Re: slowing bugs down
- Hi Steve,
From what I found, quickly, your CJB is a Bunnell key. You probably
already know that Bunnell was Gen. McCellen't telegrapher during the
He must have had lots of help getting into the key business after the
They had to string lots of wire every night so the General could send
his reports, but I think they relied heavily on WigWag from the hill
tops. But I don't know that as a fact.
My poor old CMI wasn't even in the list.
It's mounted on a chunck of brass 3" x 7" x 1". It doesn't go
anywhere. It was on sale at a hamfest about 15 years ago for $45. I
finally turned my pockets inside out and took it home for $27.50.
It's still my favorite.
73 de Scott n7net
-- In email@example.com, "n6vl" <n6vl@...> wrote:
> My number is CJB260003A.
> I really like it, but even after tightening the makeshift base down
> with a clamp, the Hi-Mound HK-802, a Swedish Pump key clone, is a
> better key. Right now my Flame-Proof is second runner up.
> I don't like the knob on the Flame-Proof. I even changed the knob
> my HK-802 to a Vibroplex knob and skirt for their straight key. IfI
> put that knob and skirt on the Flame-Proof, its ranking might go upkeys.
> for me. But the threads don't match. My fist is very picky when it
> comes to knobs, so I am finding. Its funny, but my arm tires from
> sending with the Flame-Proof and other American style straight
> But my arm tires from holding it up for the HK-802, not so muchfrom
> I guess that is why we try bugs. I really like straight keys, but
> concluding that no straight key will ever be as comfortable as abug.
> My fist is better with a good straight key. But my Champion is more
> more comfortable. With practice my bug fist will improve. Gee now I
> need to try other bugs, hi hi.
> Steve N6VL
- Thanks for sharing your insight.
I second your approval of the Vari-Speed. I was originally skeptical
of it because of torsion effects, which I reasoned could rub the dot
contact vertically during use, especially considering the thinner main
springs currently manufactured into Vibroplex Originals. I notice no
bad results, however.
The flat version of the Vari-Speed is especially useful with a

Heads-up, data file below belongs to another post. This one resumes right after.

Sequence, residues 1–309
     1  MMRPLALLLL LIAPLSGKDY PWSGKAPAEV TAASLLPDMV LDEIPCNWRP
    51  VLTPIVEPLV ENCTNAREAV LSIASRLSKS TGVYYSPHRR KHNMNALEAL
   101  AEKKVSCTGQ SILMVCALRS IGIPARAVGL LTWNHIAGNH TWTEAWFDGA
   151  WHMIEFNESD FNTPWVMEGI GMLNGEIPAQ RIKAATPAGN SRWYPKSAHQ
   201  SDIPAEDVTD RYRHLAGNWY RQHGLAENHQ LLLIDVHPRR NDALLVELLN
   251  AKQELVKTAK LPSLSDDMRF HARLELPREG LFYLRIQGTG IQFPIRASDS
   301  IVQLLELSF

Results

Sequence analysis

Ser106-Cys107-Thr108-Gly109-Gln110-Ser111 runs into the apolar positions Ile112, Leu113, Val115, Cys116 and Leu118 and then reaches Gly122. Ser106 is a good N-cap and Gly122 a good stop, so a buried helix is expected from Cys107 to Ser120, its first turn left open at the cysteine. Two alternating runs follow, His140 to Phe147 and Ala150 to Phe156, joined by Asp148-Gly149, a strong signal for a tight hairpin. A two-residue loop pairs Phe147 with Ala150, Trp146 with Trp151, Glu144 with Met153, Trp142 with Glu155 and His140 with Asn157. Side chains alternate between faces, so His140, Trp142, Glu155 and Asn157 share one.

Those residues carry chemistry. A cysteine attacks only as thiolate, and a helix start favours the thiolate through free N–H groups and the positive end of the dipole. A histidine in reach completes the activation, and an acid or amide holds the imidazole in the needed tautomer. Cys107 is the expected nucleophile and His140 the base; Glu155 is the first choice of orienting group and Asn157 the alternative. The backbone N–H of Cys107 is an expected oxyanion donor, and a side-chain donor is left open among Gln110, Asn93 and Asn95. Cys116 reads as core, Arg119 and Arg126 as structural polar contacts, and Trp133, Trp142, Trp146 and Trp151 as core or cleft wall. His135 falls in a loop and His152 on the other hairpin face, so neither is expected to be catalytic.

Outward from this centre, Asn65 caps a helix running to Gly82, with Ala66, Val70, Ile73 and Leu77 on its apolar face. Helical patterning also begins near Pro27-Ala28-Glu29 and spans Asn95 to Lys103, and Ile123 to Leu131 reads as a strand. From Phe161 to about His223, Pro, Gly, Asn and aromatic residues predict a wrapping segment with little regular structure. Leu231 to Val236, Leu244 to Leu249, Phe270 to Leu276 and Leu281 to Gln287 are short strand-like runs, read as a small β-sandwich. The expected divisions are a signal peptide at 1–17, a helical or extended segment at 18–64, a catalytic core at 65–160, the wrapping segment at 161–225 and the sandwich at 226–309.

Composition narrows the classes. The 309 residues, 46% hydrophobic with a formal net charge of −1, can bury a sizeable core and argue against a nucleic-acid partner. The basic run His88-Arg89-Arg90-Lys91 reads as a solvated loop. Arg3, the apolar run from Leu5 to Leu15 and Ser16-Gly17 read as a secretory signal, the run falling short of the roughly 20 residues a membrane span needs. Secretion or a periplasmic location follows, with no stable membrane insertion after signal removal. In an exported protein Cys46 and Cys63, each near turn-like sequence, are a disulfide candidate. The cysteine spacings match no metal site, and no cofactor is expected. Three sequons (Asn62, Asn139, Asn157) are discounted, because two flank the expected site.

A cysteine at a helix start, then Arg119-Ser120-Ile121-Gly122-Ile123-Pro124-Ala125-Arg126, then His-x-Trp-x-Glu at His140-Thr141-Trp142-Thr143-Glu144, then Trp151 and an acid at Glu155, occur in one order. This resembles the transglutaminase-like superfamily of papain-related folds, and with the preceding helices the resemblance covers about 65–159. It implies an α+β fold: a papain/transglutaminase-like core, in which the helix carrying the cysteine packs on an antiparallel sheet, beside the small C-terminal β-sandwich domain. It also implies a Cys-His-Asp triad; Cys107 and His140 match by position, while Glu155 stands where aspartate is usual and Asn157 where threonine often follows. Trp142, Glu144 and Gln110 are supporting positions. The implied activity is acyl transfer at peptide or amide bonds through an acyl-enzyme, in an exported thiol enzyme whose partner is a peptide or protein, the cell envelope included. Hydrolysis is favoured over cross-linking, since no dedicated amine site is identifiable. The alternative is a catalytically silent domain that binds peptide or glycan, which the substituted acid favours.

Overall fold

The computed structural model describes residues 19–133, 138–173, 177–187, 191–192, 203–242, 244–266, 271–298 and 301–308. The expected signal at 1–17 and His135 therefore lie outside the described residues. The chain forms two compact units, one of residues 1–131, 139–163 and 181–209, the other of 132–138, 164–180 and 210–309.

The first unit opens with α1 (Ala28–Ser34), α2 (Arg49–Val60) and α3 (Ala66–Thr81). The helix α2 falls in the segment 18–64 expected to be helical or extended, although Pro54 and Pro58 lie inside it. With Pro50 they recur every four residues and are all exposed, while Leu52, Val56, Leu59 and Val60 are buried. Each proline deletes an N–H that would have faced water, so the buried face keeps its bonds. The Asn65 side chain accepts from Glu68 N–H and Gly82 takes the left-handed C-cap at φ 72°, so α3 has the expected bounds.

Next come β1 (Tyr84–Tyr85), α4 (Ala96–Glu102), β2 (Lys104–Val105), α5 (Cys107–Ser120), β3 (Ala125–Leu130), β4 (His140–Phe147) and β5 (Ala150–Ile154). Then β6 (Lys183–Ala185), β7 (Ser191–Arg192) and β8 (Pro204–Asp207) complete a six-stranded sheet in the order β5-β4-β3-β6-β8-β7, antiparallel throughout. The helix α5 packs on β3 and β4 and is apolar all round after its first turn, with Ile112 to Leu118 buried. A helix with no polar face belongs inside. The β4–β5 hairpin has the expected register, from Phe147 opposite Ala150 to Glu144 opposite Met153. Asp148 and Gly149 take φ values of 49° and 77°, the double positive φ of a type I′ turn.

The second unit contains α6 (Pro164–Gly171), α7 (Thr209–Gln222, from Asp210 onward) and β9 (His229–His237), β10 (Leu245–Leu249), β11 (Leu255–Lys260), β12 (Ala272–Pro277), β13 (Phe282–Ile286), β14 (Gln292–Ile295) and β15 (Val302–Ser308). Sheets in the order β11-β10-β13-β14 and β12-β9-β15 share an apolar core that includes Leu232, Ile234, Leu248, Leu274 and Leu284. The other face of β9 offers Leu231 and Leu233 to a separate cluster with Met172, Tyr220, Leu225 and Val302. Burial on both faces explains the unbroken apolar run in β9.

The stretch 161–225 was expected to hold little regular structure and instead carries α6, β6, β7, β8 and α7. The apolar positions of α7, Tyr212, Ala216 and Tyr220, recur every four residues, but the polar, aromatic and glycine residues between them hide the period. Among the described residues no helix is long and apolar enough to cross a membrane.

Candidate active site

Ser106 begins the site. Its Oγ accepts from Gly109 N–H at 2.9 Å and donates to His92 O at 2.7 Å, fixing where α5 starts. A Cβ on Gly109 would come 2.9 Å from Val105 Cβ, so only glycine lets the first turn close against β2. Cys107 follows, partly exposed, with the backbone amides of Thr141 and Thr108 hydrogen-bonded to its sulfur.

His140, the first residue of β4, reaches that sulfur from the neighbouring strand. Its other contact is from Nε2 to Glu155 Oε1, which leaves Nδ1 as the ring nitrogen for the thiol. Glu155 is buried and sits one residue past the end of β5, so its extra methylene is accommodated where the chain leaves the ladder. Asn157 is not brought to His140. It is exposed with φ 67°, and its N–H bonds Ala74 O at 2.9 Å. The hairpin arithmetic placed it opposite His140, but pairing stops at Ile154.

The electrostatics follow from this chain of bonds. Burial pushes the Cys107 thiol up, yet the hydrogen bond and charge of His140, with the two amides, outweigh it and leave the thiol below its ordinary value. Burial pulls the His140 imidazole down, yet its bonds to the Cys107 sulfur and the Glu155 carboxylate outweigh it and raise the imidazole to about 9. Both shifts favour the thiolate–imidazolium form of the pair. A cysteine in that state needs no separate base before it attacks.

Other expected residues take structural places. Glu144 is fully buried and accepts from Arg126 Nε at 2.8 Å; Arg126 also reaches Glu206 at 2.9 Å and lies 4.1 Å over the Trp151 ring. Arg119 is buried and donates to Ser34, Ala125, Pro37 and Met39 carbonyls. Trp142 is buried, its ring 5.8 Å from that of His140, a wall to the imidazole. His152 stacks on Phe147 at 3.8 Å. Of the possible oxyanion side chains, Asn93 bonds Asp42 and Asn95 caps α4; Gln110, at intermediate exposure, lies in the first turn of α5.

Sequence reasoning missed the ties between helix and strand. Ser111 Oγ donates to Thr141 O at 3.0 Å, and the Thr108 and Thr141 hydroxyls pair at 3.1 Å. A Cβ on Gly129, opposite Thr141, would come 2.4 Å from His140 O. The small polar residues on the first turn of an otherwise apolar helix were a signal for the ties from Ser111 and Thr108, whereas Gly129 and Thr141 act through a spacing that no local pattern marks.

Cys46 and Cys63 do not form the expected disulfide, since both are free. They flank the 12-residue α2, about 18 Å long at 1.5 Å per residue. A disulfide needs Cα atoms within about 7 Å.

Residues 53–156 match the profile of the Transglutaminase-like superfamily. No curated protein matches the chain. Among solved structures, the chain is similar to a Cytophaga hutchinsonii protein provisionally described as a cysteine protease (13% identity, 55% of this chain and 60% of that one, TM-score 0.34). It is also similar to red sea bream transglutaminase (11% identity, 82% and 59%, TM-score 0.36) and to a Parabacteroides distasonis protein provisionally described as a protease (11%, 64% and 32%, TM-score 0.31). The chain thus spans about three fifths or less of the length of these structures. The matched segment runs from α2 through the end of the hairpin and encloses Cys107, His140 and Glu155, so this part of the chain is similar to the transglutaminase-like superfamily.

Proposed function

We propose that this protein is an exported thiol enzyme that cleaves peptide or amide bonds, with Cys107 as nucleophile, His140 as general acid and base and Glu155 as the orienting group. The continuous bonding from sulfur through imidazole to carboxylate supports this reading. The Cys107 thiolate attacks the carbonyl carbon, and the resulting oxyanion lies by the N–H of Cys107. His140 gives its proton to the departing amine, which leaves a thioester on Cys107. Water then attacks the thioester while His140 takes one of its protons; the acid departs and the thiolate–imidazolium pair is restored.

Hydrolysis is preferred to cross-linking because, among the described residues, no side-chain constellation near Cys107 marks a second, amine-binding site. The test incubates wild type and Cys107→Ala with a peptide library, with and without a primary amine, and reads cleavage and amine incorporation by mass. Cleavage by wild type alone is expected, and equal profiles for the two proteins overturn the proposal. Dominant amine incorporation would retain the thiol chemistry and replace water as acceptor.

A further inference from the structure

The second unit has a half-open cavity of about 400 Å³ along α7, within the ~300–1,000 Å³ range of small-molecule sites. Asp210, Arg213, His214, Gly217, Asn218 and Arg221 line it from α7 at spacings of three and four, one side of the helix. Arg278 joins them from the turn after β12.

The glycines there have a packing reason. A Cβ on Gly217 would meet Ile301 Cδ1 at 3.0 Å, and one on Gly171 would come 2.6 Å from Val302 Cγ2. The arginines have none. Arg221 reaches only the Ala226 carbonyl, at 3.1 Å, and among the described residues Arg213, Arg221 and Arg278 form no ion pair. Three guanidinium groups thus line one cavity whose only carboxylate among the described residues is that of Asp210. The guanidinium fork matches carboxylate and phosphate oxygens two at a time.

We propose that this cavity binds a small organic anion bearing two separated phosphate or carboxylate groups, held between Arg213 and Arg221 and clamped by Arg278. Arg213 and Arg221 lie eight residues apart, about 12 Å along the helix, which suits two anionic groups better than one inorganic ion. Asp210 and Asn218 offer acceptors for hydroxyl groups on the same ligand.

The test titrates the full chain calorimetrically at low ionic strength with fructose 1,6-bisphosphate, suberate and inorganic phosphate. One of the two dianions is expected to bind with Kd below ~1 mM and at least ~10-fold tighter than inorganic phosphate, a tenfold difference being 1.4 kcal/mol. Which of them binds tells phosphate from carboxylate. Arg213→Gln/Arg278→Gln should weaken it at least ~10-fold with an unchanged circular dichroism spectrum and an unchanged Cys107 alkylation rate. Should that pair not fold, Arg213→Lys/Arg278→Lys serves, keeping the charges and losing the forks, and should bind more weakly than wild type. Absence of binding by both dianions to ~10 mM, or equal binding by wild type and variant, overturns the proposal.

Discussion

Vibroplex Champion model, which has no damper bridge to restrict the
position or rotation.
With my configuration, the dot speed is 15 to 28 WPM. If any of you
can send 18-20 wpm with a straight key for an hour or more with no ill
effects, more power to you -- I can't.
Jack - N0NV
--- In firstname.lastname@example.org, "Trail Fox" <KT5X@...> wrote:
> From my observation across (fifty years) of bug use...
> * Additional weights so increase the mass of the pendulum as to make
operating it both different and non-instructive. during professional
use days that simply wasn't done even for learning.
> * adding more weights doesn't slow the bug down much because they
wind up being placed closer to the pendulum.
> * The large diameter weights used by some Mac bugs and E F Johnson
have a MUCH better effect on speed becauseit puts more weight further
out on the pendulum.
> * Wrapping solder around the wieght at the end of the bug will slow
the bug down much more than adding a second weight.
> Unfortunately, the large diameter weights are harder to come by, and
the holes in them don't necessarily fit on vibroplex bugs.
> Rather than extensions that add SO much mass and change the feel of
the pendulum, or extra weights that do the same thing with relatively
little effect on speed, I use the recent remake (by Tim Soxman) of the
Hills Speed-changer. vibroplex sells them under the name, Varispeed.
> The Varispeed uses one weight, and the device itself is about the
equivalent of a second weight. it provides near instant speed
changing by rotating the arm. It will slow the bug down way slower
than second, third, or fourth weights because by rotating it the small
weight can extend the length of the pendulum which does more than
adding weight does. in so doing it does not add mass like extra
weights or the extension arm.
> the Varispeed is the way to go IMHO. Here is a Varispeed on my
(restored) 1918 Vibroplex...
> And the very best configuration of all is a Varispeed on the old
U-shaped damper blue Racers, because without the damper in the way,
the varispeed and its weight can rotate straight back and slow the bug
down to a crawl.
> A few other comments on bug speed...
> The slowest American bugs I have encountered are the 1930's vintage
> The slowest bug I have ever encountered, by far, is the Australian
Simplex-Auto. This is a right-angle bug that uses a release mechanism
like Coffe's Mecograph of the early 1900's. It will go ten wpm,
> Western Union established a fixed speed of 28 wpm. I have found old
bugs with the weight soldered in place at this speed.
> With best wishes,
> FD - kt5x
> [Non-text portions of this message have been removed]